(Bloomberg) -- PG&E Corp. pared losses as investors evaluated the potential impact of a state report that blamed the utility giant for fatal fires in Northern California wine country last year.
The company said Monday it expects to record a “significant liability” for fires, and the shares plunged the most in five months at the open. While some analysts concurred, Morgan Stanley’s Stephen Byrd was skeptical that shareholders would end up liable for all the costs, and by midday in New York the shares had recovered about half of those earlier losses.
The down-and-up pattern indicates that investors aren’t certain how much the deadly blazes will eventually cost, especially since the state has yet to complete its investigation into the causes of the Tubbs fire, the most destructive in state history with 22 casualties. Still, the findings in the June 8 report confirmed that PG&E equipment ignited some of the other destructive wildfires.
“All signs seem to point to PG&E being imprudent operators in the majority of instances, which would therefore mean it should assume liability,” Shahriar Pourreza, a utility analyst for Guggenheim Securities
The shares plunged as much as 8.3 percent, the most intraday since Dec. 21, and were down 4.4 percent to $39.63 at 12:31 pm in New York.
While the state is now pinning some of the blame on PG&E, Morgan Stanley’s Byrd doubts that will translate to the company bearing all of the costs. In some fires it may be tougher to determine the cause, and some of the losses will be covered by other parties.
“We believe it is unlikely PG&E shareholders will realize anywhere close to 100 percent of both causation and negligence for all 21 NorCal wildfires,” he wrote in a research note Monday.
In a filing released by the utility Monday, PG&E said it expects to bear significant liabilities for the Redwood and Nuns blazes. It does “not believe a loss is probable” for the Atlas and Highway 37 fires, though emerging facts may change that.
The company’s bonds fell on the news, with its 6.05 percent bonds due 2034 dropping more than 3 cents on the dollar Monday morning, according to Trace bond-price data. Its 4.3 percent bonds due 2045 and 3.95 percent bonds due 2047 each fell more than 2 cents to trade at 93 cents and 86 cents respectively.
The evidence -- which California’s fire agency has now sent to county prosecutors -- could make or break PG&E in the dozens of lawsuits over the Northern California fires that altogether killed 44 people, consumed thousands of homes and racked up an estimated $10 billion in damages. The alleged violations could also expose PG&E to criminal charges only two years after the San Francisco company was convicted of breaking safety rules that led to a deadly gas pipeline explosion in San Bruno, California.
The company said in a statement that it continues to believe “our overall programs met our state’s high standards.”
The California Department of Forestry and Fire Protection said in its June 8 statement that PG&E equipment caused at least 12 of the wine country blazes, including the Redwood fire that killed nine; Atlas fire that burned 51,624 acres and claimed the lives of six; and Nuns fire that killed at least two.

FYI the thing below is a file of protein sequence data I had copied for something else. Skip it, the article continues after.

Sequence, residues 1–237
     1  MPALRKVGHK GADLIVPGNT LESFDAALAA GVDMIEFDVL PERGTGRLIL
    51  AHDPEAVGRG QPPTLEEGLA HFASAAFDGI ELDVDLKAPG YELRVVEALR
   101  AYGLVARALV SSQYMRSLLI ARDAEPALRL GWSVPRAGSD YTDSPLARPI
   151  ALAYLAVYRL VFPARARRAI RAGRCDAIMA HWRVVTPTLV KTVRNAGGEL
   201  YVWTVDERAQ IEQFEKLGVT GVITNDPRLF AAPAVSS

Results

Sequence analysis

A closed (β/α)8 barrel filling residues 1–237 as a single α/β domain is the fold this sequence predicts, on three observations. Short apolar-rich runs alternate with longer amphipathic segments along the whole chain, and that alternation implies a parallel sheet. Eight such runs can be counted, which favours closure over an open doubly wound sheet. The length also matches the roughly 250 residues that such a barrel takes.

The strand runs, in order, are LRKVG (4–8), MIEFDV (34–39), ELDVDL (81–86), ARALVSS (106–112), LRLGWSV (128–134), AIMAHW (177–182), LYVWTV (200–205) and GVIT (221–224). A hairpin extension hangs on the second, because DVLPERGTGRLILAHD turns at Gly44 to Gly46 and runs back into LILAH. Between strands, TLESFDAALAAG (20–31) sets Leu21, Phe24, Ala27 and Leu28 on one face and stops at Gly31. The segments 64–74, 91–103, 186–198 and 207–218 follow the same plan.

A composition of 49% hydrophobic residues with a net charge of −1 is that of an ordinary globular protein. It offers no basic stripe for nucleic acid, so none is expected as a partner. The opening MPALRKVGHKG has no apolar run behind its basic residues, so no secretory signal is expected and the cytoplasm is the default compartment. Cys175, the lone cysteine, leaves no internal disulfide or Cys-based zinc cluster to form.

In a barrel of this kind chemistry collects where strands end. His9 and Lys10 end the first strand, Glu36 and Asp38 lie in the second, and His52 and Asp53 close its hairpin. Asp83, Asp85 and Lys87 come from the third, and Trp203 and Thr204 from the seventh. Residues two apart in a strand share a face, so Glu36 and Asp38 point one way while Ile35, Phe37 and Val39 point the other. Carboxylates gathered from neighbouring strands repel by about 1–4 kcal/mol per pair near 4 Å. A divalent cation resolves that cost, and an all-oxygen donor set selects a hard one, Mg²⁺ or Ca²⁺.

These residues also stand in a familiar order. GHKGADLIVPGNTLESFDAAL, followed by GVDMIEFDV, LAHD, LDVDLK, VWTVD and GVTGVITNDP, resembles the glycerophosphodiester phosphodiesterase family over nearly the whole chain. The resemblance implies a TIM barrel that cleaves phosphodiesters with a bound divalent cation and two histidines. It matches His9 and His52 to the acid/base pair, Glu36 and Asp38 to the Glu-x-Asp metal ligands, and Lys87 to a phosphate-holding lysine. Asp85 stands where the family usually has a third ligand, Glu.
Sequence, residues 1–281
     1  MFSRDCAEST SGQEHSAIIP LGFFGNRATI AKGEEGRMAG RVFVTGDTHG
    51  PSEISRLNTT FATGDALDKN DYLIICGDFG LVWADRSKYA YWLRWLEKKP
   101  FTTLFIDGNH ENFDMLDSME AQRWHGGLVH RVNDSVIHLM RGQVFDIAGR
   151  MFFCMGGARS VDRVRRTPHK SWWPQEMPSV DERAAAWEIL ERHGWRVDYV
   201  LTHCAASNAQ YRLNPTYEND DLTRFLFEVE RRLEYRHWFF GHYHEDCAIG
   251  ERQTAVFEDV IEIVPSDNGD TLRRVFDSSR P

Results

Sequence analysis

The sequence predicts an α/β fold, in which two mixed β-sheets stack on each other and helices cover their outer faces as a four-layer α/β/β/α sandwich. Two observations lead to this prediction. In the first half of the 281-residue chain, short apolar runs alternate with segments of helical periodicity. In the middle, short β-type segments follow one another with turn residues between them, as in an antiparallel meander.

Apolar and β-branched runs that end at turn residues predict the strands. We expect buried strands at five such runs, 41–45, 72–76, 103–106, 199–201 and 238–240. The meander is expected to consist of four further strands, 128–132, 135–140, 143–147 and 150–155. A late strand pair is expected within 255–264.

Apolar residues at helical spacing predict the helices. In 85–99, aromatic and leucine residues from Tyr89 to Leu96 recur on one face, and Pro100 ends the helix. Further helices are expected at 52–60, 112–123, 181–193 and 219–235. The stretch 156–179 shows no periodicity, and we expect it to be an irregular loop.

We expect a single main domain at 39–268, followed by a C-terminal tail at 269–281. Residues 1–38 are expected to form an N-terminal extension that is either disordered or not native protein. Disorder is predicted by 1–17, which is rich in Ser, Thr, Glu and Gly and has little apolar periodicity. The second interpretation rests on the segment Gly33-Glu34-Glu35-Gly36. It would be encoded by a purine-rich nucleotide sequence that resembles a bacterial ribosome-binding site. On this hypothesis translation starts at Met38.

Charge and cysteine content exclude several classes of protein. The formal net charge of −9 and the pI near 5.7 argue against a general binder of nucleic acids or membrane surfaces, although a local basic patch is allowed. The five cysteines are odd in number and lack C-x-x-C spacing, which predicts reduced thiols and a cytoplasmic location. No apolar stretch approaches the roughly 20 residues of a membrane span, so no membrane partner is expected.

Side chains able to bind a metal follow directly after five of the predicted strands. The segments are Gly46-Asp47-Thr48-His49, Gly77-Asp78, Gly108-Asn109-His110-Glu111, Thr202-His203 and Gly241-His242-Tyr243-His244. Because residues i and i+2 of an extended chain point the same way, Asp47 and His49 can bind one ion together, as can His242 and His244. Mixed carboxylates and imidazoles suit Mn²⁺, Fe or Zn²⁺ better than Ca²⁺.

Attorneys and politicians were already homing in on the alleged violations. They’re “a wholesale indictment of the failure of PG&E risk management practices,” said Frank Pitre, an attorney who represents fire victims suing PG&E. “I don’t say that lightly.”
Since the blazes broke out, San Francisco-based PG&E has lost almost $15 billion in market value. The utility suspended its dividend and withheld its 2018 profit guidance because of the uncertainty over how much it might have to pay for damages. Under California law, utilities including PG&E and Edison International may be held liable for costs if their equipment is found to have caused a fire, even if they followed safety rules.
While the state reports can’t be used as evidence in court, the details in them may still provide fodder for lawyers to use in their cases against the company, said Steve Campora, a lawyer representing fire victims suing PG&E. Attorneys will interview witnesses identified in the reports, he said, calling them “a road map.”
California lawmakers were quick to blast PG&E. State Senator Bill Dodd, a Democrat from Napa, said the alleged violations referenced in the state’s report were “disappointing and deeply concerning.” He called on PG&E and other utilities to “step up” and maintain their power lines.
For its part, PG&E said in a statement that years of drought, extreme heat and millions of dead trees had created “a new normal” in California, contributing to more intense wildfires. It’s a climate change-fueled situation that requires “comprehensive new solutions,” the company said.
PG&E Chief Executive Officer Geisha Williams has called the California law that holds utilities liable for wildfire costs “deeply flawed.” Along with California’s other investor-owned utilities, the company is lobbying the state’s lawmakers and regulators to change the law, which is based on a legal principle known as “inverse condemnation.”
California Governor Jerry Brown said in March that he would work with state leaders to develop policies this year to update wildfire liability rules and regulations for utilities. Brown has said the state is at higher risk for more severe and frequent fires due to climate change.
In the meantime, PG&E faces battles both inside and outside the courtroom. While lawyers were digging into California’s findings on Friday, insurance companies began weighing in, too. Rebuild with Resilience, a coalition of insurers, called on lawmakers to hold utilities accountable for the fire damages they caused.
“Legislators should protect Californians’ pocketbooks and prioritize public safety over private profits,” the group said.
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